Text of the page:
It was also claimed that vampires could not cross running water. This was likely used by citizens who were fearful that they may be followed by an evil entity. Additionally, it was known that vampires could not enter a house unless they were invited inside. Once they had been invited, however, they could come and go as they pleased.
It was commonly thought that vampires did not have reflections or shadows. This was often used to determine the vampire status of an individual. Many who feared a vampire attack would place mirrors that faced outwards at their doors. If a stranger knocked and asked to be invited in, the house owner would check for their reflection and shadow before letting them in.
It was also believed that vampires had a strange fixation with numbers. Because of this, people would often leave bags of seeds, kernels, or grains of rice near their doorways. It was thought that once a vampire saw these things, he or she would be forced to count them until they knew the exact number. This was thought to be a great form of protection for citizens – leaving a bag of seeds for the vampire to count would ensure that they would be trapped there until the sun rose. Because the vampire could not stand the sun, it would then be killed.
One of the most common practices associated with fighting vampires – staking them with sharpened wood – was also used as a protective measure. Whenever a vampire was suspected in the community, graves would be searched, and guilty people would be questioned. Suspected vampires (dead or alive) would then be staked with the wood that was thought to be most effective.
Russia and the Baltic states were known to prefer to use Ash, while Serbia used Hawthorne. It is also recorded that Silesia thought Oak was the most effective wood. As Christianity began to rise in Europe, it became common to use Aspen wood. It was thought that Aspen was especially holy because this was the tree that was used to make the cross that Jesus was crucified on.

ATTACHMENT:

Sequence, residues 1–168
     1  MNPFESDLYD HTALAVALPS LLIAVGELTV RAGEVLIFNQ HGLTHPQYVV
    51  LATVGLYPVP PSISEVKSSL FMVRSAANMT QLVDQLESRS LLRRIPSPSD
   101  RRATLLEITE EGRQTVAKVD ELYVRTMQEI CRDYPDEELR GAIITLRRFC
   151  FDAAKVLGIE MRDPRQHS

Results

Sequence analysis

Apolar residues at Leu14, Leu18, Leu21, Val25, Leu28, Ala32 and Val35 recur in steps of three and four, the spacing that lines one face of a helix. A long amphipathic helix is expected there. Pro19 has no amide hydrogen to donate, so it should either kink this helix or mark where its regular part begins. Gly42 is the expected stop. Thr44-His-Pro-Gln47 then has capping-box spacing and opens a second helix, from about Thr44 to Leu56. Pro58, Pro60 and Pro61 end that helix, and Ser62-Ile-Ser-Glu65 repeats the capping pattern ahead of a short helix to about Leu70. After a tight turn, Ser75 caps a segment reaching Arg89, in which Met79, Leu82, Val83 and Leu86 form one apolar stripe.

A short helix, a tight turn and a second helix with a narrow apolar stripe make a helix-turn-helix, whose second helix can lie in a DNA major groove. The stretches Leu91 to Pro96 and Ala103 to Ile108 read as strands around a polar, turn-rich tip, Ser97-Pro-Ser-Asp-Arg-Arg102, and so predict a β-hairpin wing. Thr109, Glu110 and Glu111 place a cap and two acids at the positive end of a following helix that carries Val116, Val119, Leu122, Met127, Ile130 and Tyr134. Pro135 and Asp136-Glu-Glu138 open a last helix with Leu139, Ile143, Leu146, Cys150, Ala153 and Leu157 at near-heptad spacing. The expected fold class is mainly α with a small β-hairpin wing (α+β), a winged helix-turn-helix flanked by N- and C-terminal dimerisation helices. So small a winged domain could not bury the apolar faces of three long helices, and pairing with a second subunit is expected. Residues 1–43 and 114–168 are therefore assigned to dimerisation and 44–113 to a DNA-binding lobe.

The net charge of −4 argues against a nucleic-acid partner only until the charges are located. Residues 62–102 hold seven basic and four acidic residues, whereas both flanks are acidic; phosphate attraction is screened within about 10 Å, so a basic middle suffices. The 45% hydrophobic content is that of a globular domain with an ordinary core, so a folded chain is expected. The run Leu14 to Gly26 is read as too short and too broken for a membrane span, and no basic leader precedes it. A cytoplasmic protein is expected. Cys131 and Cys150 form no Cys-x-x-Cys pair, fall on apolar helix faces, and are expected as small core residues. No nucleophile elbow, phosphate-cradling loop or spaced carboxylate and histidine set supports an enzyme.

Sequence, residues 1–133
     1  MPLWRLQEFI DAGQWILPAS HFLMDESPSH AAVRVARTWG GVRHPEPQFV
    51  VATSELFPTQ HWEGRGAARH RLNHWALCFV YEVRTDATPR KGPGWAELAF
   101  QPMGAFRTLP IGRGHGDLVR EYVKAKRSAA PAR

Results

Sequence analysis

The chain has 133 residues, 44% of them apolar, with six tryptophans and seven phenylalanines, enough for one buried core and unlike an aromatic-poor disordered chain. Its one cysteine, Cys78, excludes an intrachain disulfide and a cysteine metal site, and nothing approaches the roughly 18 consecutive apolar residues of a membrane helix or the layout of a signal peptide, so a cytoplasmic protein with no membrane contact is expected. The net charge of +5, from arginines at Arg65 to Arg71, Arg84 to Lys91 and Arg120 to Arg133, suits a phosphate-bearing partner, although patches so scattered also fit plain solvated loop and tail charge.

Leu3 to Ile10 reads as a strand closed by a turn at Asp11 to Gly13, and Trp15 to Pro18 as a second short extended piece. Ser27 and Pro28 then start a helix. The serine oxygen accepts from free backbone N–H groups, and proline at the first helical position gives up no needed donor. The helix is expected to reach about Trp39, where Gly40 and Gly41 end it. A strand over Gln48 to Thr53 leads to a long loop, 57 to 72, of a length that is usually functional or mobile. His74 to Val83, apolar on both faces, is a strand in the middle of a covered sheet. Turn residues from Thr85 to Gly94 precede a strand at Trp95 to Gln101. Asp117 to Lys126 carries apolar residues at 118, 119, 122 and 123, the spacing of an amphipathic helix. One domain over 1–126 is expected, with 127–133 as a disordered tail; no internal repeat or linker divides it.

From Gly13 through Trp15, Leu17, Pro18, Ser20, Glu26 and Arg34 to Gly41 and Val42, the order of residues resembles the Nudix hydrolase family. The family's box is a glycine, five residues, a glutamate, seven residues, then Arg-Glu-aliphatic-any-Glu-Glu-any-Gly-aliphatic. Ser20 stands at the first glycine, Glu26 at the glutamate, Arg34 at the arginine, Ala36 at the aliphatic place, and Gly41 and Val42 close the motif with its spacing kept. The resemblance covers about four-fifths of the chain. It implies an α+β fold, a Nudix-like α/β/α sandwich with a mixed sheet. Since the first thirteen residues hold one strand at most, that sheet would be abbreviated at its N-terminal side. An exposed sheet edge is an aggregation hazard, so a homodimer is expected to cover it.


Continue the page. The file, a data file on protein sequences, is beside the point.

It was also common practice for suspected vampires to be staked through the heart. However, variants can be found in Russia and Serbia. Russia staked victims through the mouth, while Serbia staked victims through the stomach.
Because of the fear of vampires coming back from the dead, many adopted burial practices that were thought to keep corpses in their graves. One of the popular methods was to decapitate the body of the recently parted. Many cultures believed that the soul sometimes lingered in the body after death, but that decapitating the head could force the soul to move on and keep it from causing problems.
It was also common for corpses to be put into positions that would make escape from the grave more difficult. Many corpses were buried upside down, while others were pinned to the ground by driving stakes through their heads, bodies, or clothes. Some cultures even went as far as to sever the tendons at the knees of the corpse so that it could not walk in death.
Ambrogio – The Legend of the First Vampire
Though certainly not as popular as Dracula, Greek mythology tells of Ambrogio – possibly the first vampire to reflect modern day myths.
The story goes that Ambrogio was visiting the Temple of Apollo (the sun god) when he met the Oracle of the temple – Selena. As soon as he saw her, he fell in love and became determined to spend the rest of his life with her. He plans to ask her for her hand in marriage. What Ambrogio didn’t know, however, was that Apollo also desired Selena for his own.
Apollo thinks about how he can prevent Ambrogio from marrying Selena (who has now proposed and is planning his wedding). In his jealousy, he curses Ambrogio to be burned by the sunlight whenever the rays touched his skin.
Ambrogio is angered and devastated – this new condition will keep him from being united with his love. He seeks the help of Hades (god of the underworld) and Artemis (goddess of the hunt). Hades offers help to Ambrogio – but requires him to steal Artemis’ silver bow to carry out a mission in return. Artemis is angered by the theft and curses Ambrogio to be burned by silver whenever he is touched by it as revenge.
As time goes on, Artemis takes pity on Ambrogio and offers him assistance. She gives him superhuman strength, immortality, and fangs that he can use to kill beasts. The legend also suggests that this blood would be used to write love poems to Selena. Eventually, Selena escapes Apollo and is reunited with Ambrogio. Now, however, she is cursed by the fact that she is mortal and Ambrogio is not.